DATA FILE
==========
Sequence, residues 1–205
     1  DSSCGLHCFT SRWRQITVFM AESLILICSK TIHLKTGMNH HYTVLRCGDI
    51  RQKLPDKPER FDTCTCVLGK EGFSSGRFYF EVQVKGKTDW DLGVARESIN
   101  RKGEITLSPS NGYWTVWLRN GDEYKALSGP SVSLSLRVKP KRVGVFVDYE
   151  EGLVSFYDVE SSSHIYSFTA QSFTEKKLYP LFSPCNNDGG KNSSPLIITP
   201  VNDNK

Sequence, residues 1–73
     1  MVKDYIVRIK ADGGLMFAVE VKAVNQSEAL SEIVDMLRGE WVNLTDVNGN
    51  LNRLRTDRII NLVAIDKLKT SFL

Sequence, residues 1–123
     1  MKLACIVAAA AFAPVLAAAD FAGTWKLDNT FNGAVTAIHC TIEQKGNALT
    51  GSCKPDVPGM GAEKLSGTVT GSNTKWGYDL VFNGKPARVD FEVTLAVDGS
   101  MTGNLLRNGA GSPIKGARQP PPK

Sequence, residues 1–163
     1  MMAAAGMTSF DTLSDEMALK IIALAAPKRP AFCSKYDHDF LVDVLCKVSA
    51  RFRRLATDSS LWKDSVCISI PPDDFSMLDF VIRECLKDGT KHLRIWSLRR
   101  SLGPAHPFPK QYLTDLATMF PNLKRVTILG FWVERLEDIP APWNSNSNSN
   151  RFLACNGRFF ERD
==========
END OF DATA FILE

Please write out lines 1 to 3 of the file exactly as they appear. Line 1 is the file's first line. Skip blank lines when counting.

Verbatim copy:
Sequence, residues 1–205
     1  DSSCGLHCFT SRWRQITVFM AESLILICSK TIHLKTGMNH HYTVLRCGDI
    51  RQKLPDKPER FDTCTCVLGK EGFSSGRFYF EVQVKGKTDW DLGVARESIN